Leaze Farm, Somerset
Sponsored by DairyCo
You get the impression that Neil Baker wakes up every morning with a fresh performance target to set, to achieve and then to beat. Key Performance Indicators (KPIs) festoon the walls of the office, alongside large charts that display how successfully they’re being accomplished.
It’s a tireless drive for perfection that’s evident throughout the 1000-cow dairy unit at Crewkerne in Somerset. “The day you pass a bed and don’t kick the muck off is the day you give up, in my view,” he says. “If I don’t set high standards, how can I expect farm staff to keep them?”
His cows, his parlour and yards are in staggeringly good condition. There are KPIs to match, with health performance the key focus. Mastitis is down to 11 cows per 100 a year, but the target now is zero. Lameness is down to 6.9%, but the aim is to eliminate it. Conception rate is at 37%, up from 25%.
There are rigorous routines carried out throughout the unit that underpin these targets – from the four-stage process to present a clean udder in the parlour to the daily temperature monitoring of the fresh cow group.
The unit has grown rapidly, doubling in size in just five years, but maintained its exemplary health procedures. Successfully devolving day-to-day management to his staff has been a key recent achievement for Neil. For their part, the staff clearly take pride in and can see the value of the high standards they maintain.
As well as milk production, the farm produces 270t a year of vintage Cheddar. Handmade traditionally (the head cheesemaker has been with them for 30 years) this is sold to Tesco, Waitrose and Marks & Spencer. The drive is on to ensure consumers recognise not just the superior taste of the cheese, but its provenance, too.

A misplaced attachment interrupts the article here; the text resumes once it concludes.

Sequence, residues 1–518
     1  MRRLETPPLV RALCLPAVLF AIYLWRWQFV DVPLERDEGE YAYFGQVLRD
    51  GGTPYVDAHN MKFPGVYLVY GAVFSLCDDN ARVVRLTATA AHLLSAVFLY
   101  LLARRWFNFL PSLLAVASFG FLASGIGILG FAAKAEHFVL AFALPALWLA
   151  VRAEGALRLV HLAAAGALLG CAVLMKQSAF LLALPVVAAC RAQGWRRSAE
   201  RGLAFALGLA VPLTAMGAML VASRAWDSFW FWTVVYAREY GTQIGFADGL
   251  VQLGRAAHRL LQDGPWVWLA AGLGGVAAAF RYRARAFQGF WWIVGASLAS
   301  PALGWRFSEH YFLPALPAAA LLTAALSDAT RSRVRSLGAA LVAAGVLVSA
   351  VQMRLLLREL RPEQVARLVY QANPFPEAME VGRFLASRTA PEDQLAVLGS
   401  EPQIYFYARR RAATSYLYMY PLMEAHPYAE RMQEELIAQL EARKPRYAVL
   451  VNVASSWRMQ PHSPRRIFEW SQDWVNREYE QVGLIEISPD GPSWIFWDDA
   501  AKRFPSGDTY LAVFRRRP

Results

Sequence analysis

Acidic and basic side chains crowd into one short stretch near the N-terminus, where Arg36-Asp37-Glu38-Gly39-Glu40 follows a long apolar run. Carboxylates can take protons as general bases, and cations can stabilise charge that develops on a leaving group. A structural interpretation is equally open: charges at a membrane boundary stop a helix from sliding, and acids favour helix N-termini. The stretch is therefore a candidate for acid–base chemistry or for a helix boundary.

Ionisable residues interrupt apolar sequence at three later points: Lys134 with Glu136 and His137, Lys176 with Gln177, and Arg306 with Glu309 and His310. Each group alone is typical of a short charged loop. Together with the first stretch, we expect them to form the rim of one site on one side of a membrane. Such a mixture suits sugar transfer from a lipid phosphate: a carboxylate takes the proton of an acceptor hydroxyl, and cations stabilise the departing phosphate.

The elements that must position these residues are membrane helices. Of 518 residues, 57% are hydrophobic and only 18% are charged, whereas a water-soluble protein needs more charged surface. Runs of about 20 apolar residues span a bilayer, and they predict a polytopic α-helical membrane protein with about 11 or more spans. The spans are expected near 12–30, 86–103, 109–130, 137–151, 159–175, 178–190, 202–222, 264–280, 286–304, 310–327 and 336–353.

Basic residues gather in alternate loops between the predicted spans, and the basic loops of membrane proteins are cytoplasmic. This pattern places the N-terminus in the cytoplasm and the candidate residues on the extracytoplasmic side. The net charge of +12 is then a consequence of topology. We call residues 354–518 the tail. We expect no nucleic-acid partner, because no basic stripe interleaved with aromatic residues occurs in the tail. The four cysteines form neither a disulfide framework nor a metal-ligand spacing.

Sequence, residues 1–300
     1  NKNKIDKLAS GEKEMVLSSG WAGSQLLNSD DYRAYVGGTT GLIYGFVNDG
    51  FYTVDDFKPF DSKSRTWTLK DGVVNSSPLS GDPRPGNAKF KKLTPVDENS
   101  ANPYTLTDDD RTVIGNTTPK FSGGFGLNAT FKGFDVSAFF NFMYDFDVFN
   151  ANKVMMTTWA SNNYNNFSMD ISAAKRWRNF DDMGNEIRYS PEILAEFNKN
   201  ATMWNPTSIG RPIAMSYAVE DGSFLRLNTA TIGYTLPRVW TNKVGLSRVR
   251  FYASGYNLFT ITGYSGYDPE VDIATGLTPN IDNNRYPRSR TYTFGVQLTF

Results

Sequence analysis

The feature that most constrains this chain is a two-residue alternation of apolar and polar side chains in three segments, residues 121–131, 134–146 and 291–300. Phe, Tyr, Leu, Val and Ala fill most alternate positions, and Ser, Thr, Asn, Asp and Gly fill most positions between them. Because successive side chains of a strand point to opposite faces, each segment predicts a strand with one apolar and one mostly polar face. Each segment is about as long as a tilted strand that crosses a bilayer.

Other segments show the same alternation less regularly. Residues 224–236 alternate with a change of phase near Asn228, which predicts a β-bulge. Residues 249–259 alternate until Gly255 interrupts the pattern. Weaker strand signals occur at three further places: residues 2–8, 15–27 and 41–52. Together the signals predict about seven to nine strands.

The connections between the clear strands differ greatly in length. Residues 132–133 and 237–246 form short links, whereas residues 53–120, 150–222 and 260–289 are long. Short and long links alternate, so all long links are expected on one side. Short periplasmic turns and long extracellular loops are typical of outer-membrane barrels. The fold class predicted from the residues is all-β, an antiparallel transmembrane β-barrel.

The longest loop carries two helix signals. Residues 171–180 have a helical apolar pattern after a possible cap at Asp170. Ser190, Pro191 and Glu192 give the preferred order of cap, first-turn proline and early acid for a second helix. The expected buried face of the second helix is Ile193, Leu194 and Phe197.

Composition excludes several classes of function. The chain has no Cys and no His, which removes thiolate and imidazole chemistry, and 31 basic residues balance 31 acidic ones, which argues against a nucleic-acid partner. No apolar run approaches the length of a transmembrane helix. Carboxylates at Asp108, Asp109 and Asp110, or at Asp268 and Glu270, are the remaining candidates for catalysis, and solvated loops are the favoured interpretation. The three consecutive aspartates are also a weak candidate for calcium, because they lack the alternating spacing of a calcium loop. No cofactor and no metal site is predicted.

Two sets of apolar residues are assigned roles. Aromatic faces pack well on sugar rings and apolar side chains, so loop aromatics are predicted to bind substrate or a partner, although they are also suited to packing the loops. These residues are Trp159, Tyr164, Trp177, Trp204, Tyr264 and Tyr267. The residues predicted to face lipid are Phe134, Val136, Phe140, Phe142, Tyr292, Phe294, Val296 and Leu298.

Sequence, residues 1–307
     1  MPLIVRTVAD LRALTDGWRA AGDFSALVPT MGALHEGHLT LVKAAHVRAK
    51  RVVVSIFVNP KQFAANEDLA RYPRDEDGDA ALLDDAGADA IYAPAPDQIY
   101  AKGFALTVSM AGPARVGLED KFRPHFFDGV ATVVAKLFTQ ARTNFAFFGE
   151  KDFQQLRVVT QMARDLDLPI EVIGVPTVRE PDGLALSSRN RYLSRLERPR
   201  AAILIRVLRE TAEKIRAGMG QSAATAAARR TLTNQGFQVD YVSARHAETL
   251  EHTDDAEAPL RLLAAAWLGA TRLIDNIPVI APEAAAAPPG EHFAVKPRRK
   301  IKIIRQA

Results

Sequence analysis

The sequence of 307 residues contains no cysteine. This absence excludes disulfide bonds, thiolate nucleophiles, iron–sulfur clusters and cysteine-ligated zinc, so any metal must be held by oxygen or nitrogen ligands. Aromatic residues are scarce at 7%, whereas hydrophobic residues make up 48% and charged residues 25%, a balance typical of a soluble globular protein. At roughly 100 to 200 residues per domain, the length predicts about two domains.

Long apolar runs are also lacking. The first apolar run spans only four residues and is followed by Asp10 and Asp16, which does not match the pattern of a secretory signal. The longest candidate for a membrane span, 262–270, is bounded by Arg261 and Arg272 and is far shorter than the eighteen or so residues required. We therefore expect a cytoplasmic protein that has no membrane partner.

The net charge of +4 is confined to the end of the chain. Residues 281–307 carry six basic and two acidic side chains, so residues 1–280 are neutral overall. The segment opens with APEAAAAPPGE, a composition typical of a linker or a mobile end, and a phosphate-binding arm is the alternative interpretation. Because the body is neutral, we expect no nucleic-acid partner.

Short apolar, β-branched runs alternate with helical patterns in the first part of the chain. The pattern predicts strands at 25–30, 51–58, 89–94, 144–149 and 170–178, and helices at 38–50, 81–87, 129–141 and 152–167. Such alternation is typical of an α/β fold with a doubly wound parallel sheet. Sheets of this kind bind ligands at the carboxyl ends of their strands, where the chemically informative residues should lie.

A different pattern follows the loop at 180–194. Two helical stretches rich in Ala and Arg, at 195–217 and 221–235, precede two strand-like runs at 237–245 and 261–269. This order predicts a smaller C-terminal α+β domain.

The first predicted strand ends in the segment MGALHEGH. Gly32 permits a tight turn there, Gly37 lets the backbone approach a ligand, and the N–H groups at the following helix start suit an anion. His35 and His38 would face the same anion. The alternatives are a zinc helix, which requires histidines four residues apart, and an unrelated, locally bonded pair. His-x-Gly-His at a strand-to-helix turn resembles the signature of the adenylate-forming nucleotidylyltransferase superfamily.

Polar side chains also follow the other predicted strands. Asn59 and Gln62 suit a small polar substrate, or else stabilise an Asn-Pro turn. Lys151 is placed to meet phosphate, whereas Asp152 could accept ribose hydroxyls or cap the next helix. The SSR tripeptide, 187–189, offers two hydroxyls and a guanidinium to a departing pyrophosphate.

Neil remains in charge of nutrition and applies the same attention to detail that he expects from the rest of the unit. The cows are TMR fed all year round, with only a small amount of concentrates fed in the milking parlour.
The silage from the fertile loamy clay soils has meticulous targets, too – field offtake is measured closely against inputs of fertiliser as well as dirty water and manure. The aim is to minimise the amount of fertiliser and bought-in feeds by optimising what’s spread on the fields.
So what one yardstick does he believe shows his system is working? “Cow comfort – get that right and you’re heading in the right direction,” he says.
• 1000 cows plus followers
• 600ha at Crewkerne, Somerset
• Producing 9m litres milk
• One-third of production used to make Cheddar
WHY HE WON
• High standard of health and animal welfare
• Ambitious performance targets set and achieved
• Devolved management responsibilities
Neil has grown a large scale unit through setting targets. He has created a unit incorporating outstanding health and welfare standards
The three finalists have followed different routes to expanding their business, achieving impressive results. Yet all three have focused on animal welfare. This is a great example to set for the entire industry.
• Angus Wielkopolski
• St Helen’s Farm, Yorkshire
Close contact with his customers, a flair for innovation and impressive on-farm standards for animal health and welfare have earned Angus an enviable command over the goats’ milk market
• Stephen & Linda Houlford
• Church Farm, Devon
A hard-working and honest approach to running a family farm and a superbly managed dairy herd, achieving impressive financial results, are what sets Stephen and Linda apart